Emily Weddall was fluent in French, a language that she would speak with anyone that would converse with her in it. She would have learned French as a schoolgirl at the Irish Clergy Daughter’s School. Her education there was geared towards finding employment as a governess, or a similar profession. At the time Emily attended the principal was Lady Mrs Danner. The subjects offered were; Holy scripture, English, French, German, Italian, Latin, geography, arithmetic, reading, needlework, pianoforte, vocal music and drawing.
Clergy Daughter’s School
Established in 1843 and incorporated by scheme of the Education Endowments Commissioners, 1894 the school was situated on Earlsfort Terrace, Dublin and shared premises with Alexandra College. Its object was to assist the clergymen and families of clergymen with limited means in the education of their children. The School catered for girls aged ten to eighteen whose fathers were Church of Ireland clergymen. The school closed in 1969. The site in Earlsfort Terrace was sold and the funds used to support boarding at Alexandra College and elsewhere.
Earlsfort Terrace, Dublin, where Emily attended school in the 1870’s and 80’s.
Emily did not pursue a career as a governess but instead as nurse. It was not necessary to have a second language to study nursing, but it did help to broaden her nursing options. Being a fluent French speaker helped her secure employment in France.
Clergy Daughter’s School Reports 1868 – 1886. Courtesy of Church of Ireland Library.
Emily was a fluent French speaker. She also had a good command of German, and lastly she spoke Irish too, perhaps not as well as the first two. She may have grown up listening to her father speak in his native tongue but she would not have been taught it at school, given the time it was not encouraged. When the Gaelic League was set up in the 1890’s it became ‘fashionable’ to speak Irish.
The Gaelic League, or Conradh na Gaeilge, was founded in Dublin on July 31, 1893 by Douglas Hyde (Dubhghlas de hÍde in Irish), a Protestant from Frenchpark, County Roscommon with the aid of Eugene O’Growney, Eoin MacNeill, Luke K. Walsh and others. The league developed from Ulick Bourke’s earlier Gaelic Union and became the leading institution promoting the Gaelic Revival…
As a Nationalist Emily promoted the Irish language, speaking it when and where possible. The purpose of Scoil Acla was to promote the speaking of Irish. She was also masterful at writing it too, as a regular correspondent with the Gaelic League’s weekly, An Claidheamh Soluis.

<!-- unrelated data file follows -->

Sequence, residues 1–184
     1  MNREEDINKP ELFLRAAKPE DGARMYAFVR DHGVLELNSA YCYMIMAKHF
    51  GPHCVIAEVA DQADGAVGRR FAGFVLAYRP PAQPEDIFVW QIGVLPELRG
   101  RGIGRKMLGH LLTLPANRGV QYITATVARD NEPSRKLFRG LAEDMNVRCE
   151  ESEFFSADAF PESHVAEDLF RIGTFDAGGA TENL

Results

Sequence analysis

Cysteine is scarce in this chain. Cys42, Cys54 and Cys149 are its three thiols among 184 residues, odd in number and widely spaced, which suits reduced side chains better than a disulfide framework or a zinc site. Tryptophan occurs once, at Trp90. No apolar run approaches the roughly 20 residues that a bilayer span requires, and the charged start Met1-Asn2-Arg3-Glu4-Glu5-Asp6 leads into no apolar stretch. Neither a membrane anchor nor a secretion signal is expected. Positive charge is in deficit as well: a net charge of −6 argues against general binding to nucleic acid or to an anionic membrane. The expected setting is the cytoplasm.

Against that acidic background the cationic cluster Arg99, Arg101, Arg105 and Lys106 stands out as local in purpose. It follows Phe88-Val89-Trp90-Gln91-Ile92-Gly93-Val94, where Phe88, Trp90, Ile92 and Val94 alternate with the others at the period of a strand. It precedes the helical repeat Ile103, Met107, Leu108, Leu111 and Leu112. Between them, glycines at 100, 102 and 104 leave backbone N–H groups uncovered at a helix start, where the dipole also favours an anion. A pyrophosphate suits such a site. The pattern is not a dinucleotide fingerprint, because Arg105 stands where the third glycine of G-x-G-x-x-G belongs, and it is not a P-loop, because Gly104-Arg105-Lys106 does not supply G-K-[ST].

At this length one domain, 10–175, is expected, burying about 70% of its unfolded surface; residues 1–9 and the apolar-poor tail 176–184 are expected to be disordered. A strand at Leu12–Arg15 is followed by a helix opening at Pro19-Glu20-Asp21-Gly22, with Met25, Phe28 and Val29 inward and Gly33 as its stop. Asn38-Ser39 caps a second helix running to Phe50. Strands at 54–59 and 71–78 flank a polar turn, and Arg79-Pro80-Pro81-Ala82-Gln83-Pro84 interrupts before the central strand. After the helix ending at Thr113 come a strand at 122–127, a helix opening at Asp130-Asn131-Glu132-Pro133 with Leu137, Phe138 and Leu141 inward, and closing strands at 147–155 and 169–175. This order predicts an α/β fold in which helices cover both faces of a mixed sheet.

Achill Summer School
The Achill Summer School has been closed for this year. It was small but in every way a remarkable success. Its promoters claim that it has accomplished all that they had hoped from its institution. it has turned the tide of Anglicisation. it has been a pure well of Gaelic spirit and enthusiasm in an arid and neglected district. It has refreshed and renewed all who have had the happiness to visit it. Its good work has made itself felt all over the country side. Next year it will open with a reputation already made.
An Claidheamh Soluis September 16th 1911 P. 8
The superstition around Fr. Manus Sweeney is what myths are made of. There is superstition around his life and death that even reach beyond the grave. Bridie Mulloy recorded much of it in her folklore collection. Most of the informants stories matched with of course slight variations but the general consensus was that the was certainly something myth-like about the patriot priest.
The most mysterious occurrence which is sadly fading from living memory has to be when Emily, Anita, Eva and the committee for the erection of a monument dedicated to Fr. Sweeney back in 1944. Theresa McDonald recorded the folklore of the event in her book Achill Island;
The people of Achill decided to build a monument to commemorate his death, but could not agree on a suitable location. One evening, two men saw a bright light down on the shore beside Fr. Manus’s old home in Dookinella and, needless to say the monument was erected there, where it stands to the present day.
1798 Monument in Castlebar
A myth that lives on but is all but forgotten is the one that since Fr. Sweeney was hanged it always rains on market day in Newport!
Market Day in Newport in the Rain
McDonald, Theresa. Achill Island. Tullamore: I.A.S, 1997. p341
Mayo News 1893-2004*, 26.08.1944, page 3